This post was written by Peter de Clercq
The dictionary defines ‘two-timing’ as ‘to be unfaithful to a spouse or lover’ or ‘to deceive, to double-cross’. But that’s not what I want to talk about. What I have in mind here is people who put the clock forward even though they know it’s not the ‘real’ time. Perhaps we can regard this as another kind of cheating.
Some months ago I came across the term ‘Sandringham time’. British Summer Time – putting the clocks forward one hour in April and back again in October – was introduced in 1916, and among those supporting the idea had been King Edward VII (1901-1910).
Here (with thanks to David Rooney who supplied me with a scan of the relevant page) is what David Prerau wrote in his book Saving the Daylight: Why We Put the Clocks Forward (page 12):
'The king had recognized the waste of morning daylight and had already taken royal action: for several years, in order to have more time for hunting, he had been creating his own small sphere of daylight saving time at his palace at Sandringham, and in later years at Windsor and Balmoral castles, by having all the clocks advanced thirty minutes. (The tradition of ‘Sandringham time’ lasted until Edward VIII abandoned the practice in 1936).'
I was reminded of this when this week I finally got around to reading Flora Thompson, Lark Rise to Candleford , a semi-autobiographical series of three books giving scenes from a childhood in rural Oxfordshire in the 1880s and 1890s.
The books were originally published in 1939, 1941 and 1943, and then as a trilogy from 1945 onwards. I quote from the Penguin Modern Classics edition of 2008.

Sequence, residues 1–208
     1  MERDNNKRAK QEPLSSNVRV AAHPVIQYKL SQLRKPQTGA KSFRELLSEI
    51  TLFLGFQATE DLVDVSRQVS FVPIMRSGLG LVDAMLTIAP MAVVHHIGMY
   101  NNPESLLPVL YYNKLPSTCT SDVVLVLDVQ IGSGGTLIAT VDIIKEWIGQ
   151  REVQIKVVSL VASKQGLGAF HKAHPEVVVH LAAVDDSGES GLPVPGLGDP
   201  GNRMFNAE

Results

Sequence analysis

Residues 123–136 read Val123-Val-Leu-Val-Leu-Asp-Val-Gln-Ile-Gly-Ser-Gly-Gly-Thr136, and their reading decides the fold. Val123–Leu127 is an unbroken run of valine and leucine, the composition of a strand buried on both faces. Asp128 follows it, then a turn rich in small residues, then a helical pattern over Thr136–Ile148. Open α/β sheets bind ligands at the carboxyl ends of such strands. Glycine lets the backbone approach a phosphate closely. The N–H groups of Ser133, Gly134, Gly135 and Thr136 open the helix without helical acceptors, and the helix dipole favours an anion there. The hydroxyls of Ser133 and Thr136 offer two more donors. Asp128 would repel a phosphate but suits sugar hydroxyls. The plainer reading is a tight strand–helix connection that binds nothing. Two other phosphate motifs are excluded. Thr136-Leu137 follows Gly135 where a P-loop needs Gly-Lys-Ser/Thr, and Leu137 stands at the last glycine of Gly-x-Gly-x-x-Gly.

At the age of 14, the main character Laura (Flora) starts work as assistant in a Post Office. It is run by a woman, Dorcas Lane, alongside a blacksmith’s workshop which she had inherited from her father.
'The grandfather’s clock was kept exactly half an hour fast, as it had always been, and by its time, the household rose at six, breakfasted at seven and dined at noon; while mails were despatched and telegrams timed by the new Post Office clock, which showed correct Greenwich time, received by wire at ten o’clock every morning' (page 364).
The Post Office is re-introduced at the beginning of Part 3:
'As she followed her new employer through the little office and out to the big front living kitchen, the hands of the grandfather’s clock pointed to a quarter to four. It was really only a quarter past three and the Post Office clock gave that time exactly, but the house clocks were purposely kept half an hour fast and meals and other domestic matters were timed by them.
'To keep thus ahead of time was an old custom in many country families which was probably instituted to ensure the early rising of man and maid in the days when five or even four o’clock was not thought an unreasonably early hour at which to begin the day’s work.
'The smiths still began work at six and Zillah, the maid, was downstairs before seven, by which time Miss Lane and, later, Laura, was also up and sorting the mail' (pp 395-6).
In the first volume, when Laura is still a small child living with her family in a nearby hamlet, we find another interesting example of dual timekeeping.
One person in the hamlet, ‘Old Sally’, owned 'a grandfather’s clock that not only told the time, but the day of the week as well. It had even once told the changes of the moon; but the works belonging to that part had stopped and only the fat, full face, painted with eyes, nose and mouth, looked out from the square where the four quarters should have rotated.
'The clock portion kept such good time that half the hamlet set its own clocks by it. The other half preferred to follow the hooter at the brewery in the market town, which could be heard when the wind was in the right quarter. So there were two times in the hamlet and people would say when asking the hour: "Is that hooter time, or Old Sally’s?"' (p. 77)